If you noticed that the migration actually uses belongs_to on the Account while the association is defined as has_one on the Supplier class, yes that is a bit confusing.

So, let's clear up when to use has_one vs. belongs_to.

When to use has_one vs. belongs_to for a one-to-one relationship

Deciding which association to use comes from thinking about the meaning of the data in the real world. In the account vs. supplier case, it makes sense for 'a supplier to own an account' but it makes less sense to say 'an account owns a supplier' I guess.

Side note: there is an idea known as Domain Driven Design (and a book by the same name) that advocates for matching the data model - the names of tables and their relationships - as closely as possible to the real world names used in that domain. This makes it easier to query and work with the model in our product but also makes it easier to communicate about the design to all functions in a team. It give a common language between product managers and developers for example (e.g. for a US healthcare app, we'd use terms like 'claims' and 'deductible' and 'co-insurance'). Anyway, data modeling is not an exact science, it's a bit of an art too.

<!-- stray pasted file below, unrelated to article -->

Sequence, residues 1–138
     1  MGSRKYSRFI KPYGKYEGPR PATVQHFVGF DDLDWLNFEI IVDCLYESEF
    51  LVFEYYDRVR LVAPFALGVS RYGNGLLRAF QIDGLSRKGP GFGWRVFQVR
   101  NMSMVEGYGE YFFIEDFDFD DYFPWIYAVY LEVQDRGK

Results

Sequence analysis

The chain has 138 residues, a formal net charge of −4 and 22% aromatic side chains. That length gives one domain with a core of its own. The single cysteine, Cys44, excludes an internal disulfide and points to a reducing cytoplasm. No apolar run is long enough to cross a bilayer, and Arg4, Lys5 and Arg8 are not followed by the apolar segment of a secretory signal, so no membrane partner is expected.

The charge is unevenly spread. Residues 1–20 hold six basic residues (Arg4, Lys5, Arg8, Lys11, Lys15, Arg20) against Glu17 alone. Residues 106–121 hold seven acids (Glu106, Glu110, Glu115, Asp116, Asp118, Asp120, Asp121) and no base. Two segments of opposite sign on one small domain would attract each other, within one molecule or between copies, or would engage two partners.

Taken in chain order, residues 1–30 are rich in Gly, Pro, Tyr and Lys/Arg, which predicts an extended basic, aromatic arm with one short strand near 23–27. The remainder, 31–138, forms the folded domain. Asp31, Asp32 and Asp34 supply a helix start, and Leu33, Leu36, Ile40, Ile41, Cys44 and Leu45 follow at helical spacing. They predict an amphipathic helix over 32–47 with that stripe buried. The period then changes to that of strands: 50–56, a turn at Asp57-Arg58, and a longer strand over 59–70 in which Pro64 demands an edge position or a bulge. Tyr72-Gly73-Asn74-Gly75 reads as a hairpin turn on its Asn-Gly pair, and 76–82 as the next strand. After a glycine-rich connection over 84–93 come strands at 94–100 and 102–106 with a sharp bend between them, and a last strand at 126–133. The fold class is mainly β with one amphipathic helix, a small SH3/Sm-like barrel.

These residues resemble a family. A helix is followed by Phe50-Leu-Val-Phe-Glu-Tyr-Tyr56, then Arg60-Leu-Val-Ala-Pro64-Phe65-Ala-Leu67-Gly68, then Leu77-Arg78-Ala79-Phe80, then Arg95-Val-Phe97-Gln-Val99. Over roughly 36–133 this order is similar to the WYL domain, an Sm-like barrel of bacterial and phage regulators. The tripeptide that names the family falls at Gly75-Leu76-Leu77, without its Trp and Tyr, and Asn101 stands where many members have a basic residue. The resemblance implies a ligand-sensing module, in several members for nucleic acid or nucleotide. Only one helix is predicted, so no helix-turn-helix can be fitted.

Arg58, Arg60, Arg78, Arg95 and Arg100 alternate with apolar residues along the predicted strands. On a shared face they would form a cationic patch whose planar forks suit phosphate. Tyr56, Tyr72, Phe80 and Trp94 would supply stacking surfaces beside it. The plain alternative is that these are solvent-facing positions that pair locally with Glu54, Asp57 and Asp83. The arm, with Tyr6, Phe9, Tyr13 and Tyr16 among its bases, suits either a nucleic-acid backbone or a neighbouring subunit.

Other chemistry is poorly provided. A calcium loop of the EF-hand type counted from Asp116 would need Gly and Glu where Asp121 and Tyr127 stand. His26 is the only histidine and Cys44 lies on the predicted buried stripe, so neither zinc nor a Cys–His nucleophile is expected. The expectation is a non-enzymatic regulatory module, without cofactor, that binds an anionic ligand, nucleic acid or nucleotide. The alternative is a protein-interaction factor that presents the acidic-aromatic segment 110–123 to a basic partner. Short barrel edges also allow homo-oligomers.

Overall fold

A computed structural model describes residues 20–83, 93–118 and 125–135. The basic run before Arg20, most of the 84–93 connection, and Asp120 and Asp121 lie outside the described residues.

Back to has_one vs. belongs_to. One thing we can keep in mind is that the foreign key is always on the belongs_to side. So if an account belongs to a supplier, account has a foreign key supplier_id pointing to a supplier.

The migration for the Account table can be either:

create_table :accounts do |t|
      t.bigint  :supplier_id
      # ...
end

or we can say t.references :supplier or t.belongs_to :supplier. They mean the same thing.